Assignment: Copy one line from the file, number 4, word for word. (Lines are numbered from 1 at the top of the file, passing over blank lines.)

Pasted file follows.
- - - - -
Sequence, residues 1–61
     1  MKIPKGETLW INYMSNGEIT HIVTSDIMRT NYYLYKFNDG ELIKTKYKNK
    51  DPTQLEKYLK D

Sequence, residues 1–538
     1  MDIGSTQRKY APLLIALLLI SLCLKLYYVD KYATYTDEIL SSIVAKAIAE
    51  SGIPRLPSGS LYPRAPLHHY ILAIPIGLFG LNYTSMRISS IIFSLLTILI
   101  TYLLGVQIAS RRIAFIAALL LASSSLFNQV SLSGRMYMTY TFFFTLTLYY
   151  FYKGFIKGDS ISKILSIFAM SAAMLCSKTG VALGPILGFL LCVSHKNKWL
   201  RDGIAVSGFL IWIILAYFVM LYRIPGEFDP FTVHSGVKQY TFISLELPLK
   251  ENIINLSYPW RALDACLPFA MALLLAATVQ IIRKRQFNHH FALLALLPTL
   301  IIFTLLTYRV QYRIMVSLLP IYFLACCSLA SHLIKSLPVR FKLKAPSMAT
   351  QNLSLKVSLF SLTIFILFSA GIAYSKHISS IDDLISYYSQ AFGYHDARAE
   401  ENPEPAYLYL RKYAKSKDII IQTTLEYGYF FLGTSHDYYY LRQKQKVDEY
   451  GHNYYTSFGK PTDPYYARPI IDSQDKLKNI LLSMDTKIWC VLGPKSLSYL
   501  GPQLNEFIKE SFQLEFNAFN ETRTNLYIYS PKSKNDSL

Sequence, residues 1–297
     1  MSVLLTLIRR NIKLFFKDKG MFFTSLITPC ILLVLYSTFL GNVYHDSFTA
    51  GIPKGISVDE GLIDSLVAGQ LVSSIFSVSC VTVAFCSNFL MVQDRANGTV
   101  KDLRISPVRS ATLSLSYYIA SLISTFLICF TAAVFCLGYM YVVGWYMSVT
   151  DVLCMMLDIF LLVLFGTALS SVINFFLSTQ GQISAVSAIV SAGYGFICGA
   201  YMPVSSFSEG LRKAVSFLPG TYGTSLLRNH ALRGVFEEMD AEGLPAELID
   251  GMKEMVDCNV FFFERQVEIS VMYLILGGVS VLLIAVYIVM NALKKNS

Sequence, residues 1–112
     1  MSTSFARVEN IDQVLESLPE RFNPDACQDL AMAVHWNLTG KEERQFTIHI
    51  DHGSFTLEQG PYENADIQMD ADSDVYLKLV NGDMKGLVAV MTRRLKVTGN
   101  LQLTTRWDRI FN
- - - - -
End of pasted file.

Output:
Sequence, residues 1–538